Guest poem submitted by David Nothnagle: This is my favourite poem by my favourite poet, who is sadly under-represented on your site:
(Poem #1009) Care-charmer Sleep, son of the sable Night (Delia LIV)
Care-charmer Sleep, son of the sable Night, Brother to death, in silent darkness born: Relieve my languish, and restore the light, With dark forgetting of my cares' return And let the day be time enough to mourn, The shipwrack of my ill-adventur'd youth: Let waking eyes suffice to wail their scorn, Without the torment of the night's untruth. Cease Dreams, th'imagery of our day desires, To model forth the passions of the morrow: Never let the rising Sun approve you liars, To add more grief to aggravate my sorrow. Still let me sleep, embracing clouds in vain; And never wake, to feel the day's disdain.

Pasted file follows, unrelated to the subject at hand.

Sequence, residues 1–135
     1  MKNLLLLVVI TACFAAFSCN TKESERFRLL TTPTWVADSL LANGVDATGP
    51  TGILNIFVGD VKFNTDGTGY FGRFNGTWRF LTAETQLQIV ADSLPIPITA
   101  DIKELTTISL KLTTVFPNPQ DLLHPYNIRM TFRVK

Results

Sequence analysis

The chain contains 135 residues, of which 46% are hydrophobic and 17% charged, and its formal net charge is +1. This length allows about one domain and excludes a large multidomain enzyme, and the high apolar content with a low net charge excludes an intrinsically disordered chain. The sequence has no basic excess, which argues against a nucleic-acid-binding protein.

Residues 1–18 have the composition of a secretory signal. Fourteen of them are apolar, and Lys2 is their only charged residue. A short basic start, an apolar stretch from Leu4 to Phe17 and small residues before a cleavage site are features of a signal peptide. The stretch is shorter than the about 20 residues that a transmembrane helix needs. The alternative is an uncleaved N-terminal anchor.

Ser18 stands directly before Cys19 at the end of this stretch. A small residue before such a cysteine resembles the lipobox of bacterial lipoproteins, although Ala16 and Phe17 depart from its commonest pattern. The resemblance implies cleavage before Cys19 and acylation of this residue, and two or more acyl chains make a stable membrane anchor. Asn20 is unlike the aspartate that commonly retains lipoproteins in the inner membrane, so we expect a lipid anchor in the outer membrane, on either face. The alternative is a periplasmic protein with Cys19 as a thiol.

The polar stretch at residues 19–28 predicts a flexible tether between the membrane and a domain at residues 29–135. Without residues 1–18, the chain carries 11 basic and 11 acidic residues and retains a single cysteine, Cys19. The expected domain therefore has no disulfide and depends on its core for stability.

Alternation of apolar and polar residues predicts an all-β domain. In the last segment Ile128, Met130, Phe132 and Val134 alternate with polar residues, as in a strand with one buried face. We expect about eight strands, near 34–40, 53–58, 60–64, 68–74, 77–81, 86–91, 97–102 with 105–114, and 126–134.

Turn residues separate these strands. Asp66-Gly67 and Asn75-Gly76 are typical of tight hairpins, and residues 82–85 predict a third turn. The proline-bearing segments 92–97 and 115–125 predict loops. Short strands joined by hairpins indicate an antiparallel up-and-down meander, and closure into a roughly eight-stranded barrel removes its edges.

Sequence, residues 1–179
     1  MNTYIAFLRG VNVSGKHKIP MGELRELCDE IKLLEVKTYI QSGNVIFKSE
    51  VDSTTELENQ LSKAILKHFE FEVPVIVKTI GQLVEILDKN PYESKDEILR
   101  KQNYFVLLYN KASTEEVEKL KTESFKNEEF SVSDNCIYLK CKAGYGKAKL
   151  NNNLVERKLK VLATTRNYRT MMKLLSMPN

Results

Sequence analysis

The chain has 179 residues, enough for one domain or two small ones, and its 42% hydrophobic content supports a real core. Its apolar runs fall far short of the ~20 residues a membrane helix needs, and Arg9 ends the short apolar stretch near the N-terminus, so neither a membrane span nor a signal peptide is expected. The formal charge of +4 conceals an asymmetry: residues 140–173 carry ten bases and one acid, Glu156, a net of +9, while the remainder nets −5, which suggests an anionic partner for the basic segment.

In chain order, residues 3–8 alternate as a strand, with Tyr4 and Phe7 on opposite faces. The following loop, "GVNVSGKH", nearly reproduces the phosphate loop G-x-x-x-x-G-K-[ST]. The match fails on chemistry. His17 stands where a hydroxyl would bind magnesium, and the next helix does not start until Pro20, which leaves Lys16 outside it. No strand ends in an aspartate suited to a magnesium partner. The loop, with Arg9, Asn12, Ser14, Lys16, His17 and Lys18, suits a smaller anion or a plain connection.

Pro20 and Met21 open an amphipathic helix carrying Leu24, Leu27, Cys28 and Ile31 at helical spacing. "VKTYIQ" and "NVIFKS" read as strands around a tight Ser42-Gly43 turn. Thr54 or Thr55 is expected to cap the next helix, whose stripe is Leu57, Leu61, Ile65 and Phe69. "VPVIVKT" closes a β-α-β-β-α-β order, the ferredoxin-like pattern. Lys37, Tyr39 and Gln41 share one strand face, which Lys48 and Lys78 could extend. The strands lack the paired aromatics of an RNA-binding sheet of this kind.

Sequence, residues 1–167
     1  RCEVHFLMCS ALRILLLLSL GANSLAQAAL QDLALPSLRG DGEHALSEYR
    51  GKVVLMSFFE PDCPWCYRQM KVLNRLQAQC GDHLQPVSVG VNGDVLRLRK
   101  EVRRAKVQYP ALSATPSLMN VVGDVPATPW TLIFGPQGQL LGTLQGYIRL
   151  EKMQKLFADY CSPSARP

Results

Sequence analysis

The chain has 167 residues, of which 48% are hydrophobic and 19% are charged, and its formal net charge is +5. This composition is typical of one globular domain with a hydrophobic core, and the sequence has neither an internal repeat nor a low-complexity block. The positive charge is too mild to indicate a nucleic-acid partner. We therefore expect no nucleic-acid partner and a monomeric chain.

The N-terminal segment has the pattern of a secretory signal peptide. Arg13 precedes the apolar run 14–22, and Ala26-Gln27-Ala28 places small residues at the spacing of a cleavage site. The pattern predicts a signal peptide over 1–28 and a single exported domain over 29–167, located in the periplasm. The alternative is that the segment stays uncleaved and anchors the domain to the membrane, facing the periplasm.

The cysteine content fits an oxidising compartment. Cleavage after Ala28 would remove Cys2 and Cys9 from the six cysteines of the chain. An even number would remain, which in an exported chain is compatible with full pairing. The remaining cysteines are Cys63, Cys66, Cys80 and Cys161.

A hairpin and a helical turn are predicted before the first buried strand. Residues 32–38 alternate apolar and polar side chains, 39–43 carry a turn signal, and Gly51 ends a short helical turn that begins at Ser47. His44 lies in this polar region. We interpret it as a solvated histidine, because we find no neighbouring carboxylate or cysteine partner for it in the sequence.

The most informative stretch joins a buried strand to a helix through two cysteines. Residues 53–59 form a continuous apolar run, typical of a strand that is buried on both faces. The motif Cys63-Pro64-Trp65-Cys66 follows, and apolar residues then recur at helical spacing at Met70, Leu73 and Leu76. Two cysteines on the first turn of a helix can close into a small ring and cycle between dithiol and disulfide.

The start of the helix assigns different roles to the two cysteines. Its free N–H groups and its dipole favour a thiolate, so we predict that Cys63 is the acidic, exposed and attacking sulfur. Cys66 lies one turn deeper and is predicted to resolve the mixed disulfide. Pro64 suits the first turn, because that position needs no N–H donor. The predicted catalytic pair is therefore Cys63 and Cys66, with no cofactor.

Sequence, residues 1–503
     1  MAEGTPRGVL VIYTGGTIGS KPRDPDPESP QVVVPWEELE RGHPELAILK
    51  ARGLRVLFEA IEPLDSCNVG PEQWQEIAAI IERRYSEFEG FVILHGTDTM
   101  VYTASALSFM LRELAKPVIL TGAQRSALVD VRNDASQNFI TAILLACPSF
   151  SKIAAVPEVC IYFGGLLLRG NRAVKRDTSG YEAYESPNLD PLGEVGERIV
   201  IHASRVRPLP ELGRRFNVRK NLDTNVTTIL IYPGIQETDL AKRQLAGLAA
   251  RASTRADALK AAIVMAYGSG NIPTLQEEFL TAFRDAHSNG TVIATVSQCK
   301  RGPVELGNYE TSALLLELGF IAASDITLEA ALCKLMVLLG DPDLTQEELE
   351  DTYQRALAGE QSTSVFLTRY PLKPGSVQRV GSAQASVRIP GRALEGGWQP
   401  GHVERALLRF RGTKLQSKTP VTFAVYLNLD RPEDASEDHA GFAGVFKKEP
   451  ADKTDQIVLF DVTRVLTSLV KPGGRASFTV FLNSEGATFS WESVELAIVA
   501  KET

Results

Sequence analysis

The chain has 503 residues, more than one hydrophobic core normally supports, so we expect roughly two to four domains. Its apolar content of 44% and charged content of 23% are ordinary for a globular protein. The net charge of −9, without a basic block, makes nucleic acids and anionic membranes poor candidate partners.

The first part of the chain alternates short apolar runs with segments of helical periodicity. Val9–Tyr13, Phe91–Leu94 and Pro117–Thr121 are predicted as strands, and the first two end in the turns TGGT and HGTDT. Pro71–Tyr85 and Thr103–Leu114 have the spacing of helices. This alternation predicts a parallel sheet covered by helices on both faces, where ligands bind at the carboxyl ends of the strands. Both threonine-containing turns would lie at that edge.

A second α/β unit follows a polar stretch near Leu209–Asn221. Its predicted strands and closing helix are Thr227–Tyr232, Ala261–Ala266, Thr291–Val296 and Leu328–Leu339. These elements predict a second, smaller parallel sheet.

I have always really loved short poems--poems of which it is possible to experience every word, every line, with more intensity than is really possible (for me anyway) in a longer poem. Of course, this means that every word, every line, is really important, and makes a short poem very difficult to write well. However, a good short poem will always have a certain special intensity. This sonnet by Samuel Daniel approaches perfection of form. It is, of course, a sonnet, of the English variety; made up of three quatrains and a couplet, in iambic pentameter. A good sonnet will build up feeling in the quatrains, each delving a little deeper, and reachng a climax and resolution, a summing-up, or sometimes an ironic "turn," in the final couplet. In this particular sonnet, the "turn" reveals that the true, subconscious desire of the poet is for the oblivion of death. Sonnet form is a particularly good medium for delving ever deeper into feelings, and it is no fluke that it remained a form of choice, in its various varieties, throughout England and Western Europe, for hundreds of years. In the last couple of centuries, however, this kind of strictness of meter and rhyme has slowly fallen out of favour, as the Romantic hatred of classical forms, and wild lust for "originality" has become ever more extreme. Mark Twain famously ridiculed poems in which the only image evoked is a dried-up little man sitting in a dusty chamber, counting off on his fingers as he writes. However, there is a certain special kind of originality, which is only possible within constraints and conventions. For me, and I suspect for many, it is easier to have a more focused grasp of a poem, and appreciation its unique virtues, if it is written in a form we understand, rather than something which is altogether alien to us. As for this poem itself, I have nothing to add to it, and don't know what to say. Anyone who has ever felt depressed for any reason, will understand it. Most of the sonnets in Delia are about the Lady's cruelty to her unrequited lover; and this sonnet can be read with that in mind, but I think it achieves a kind of universality which transcends this context. Never has depression--the sort of depression that causes you to lie in bed late into the day, calling in sick to work, dreading the inevitable time when you must leave your bedroom and face whatever it is that has caused you such anguish--never has depression been more perfectly captured in poetic form. I should add that there is a great musical setting of this poem in the twentieth-century composer Dominick Argento's song-cycle, "Six Elizabethan Songs." Dave Nothnagle.